Reuters, September 30, 2016
U.S. drone strike kills 15 civilians in Afghanistan, United Nations says
UNAMA reported the victims were civilians, including students, a teacher, and members of families considered to be "pro-government"
Protesters loyal to the Shi'ite al-Houthi rebel group burn an effigy of a US aircraft during a demonstration to protest against what they say is US interference in Yemen, including drone strikes, after their weekly Friday prayers in the Old Sanaa city, Yemen, on April 12, 2013. (Photo: Khaled Abdullah/Reuters)
At least 15 civilians were killed and 13 wounded in a U.S. unmanned aircraft strike in eastern Afghanistan, the United Nations said, calling for an independent investigation into the incident.
The airstrike early on Wednesday morning hit what U.S. officials said was an Islamic State target in the Achin district of Nangarhar province.
Government officials said the strike killed some militants, but the U.N. Assistance Mission in Afghanistan (UNAMA) reported the victims were civilians, including students, a teacher, and members of families considered to be "pro-government".
"UNAMA reiterates the need for all parties to the conflict to adhere to their obligations under international humanitarian law," the United Nations said in a statement late on Thursday.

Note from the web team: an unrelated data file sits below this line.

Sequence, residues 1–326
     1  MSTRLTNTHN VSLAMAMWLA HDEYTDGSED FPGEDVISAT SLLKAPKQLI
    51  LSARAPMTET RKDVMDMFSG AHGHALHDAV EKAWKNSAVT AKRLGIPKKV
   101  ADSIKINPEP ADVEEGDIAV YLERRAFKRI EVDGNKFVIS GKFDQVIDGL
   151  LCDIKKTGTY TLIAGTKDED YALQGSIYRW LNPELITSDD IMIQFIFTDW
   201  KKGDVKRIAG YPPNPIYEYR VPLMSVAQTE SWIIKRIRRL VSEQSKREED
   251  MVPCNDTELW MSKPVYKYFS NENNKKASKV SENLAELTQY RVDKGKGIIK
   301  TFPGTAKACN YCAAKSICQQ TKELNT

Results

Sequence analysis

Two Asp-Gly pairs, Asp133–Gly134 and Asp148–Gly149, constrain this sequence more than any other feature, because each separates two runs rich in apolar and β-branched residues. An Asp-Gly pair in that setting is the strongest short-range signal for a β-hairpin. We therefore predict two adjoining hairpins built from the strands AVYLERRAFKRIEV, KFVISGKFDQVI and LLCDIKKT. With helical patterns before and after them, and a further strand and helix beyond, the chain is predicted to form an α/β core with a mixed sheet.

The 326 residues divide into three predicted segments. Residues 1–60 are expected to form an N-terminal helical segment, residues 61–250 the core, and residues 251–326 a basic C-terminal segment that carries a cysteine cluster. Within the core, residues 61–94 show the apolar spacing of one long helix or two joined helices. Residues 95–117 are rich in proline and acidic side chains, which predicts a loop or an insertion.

"UNAMA calls on the government and international military forces to launch a prompt, independent, impartial, transparent, and effective investigation into this incident."
All the civilians reported killed were men, it added.
The men had gathered in a village to welcome a local elder on his return from completing the Hajj pilgrimage to Mecca and were sleeping when the strike happened, witnesses said.
The strike occurred in a remote area near the Pakistan border that has become a stronghold for Islamic State in Afghanistan.
The U.S. military command confirmed the air strike in Achin was aimed at Islamic State militants, but said it was gathering information on the allegations of civilian casualties.
"We take every possible measure to avoid civilian casualties in these operations, and will continue to work with Afghan authorities to determine if there is cause for additional investigation," U.S. forces said in a statement.
President Barack Obama this year authorized American forces to target Islamic State militants in Afghanistan, leading to regular strikes by both drones as well as manned warplanes.
(Reporting by Josh Smith; Editing by Michael Perry)
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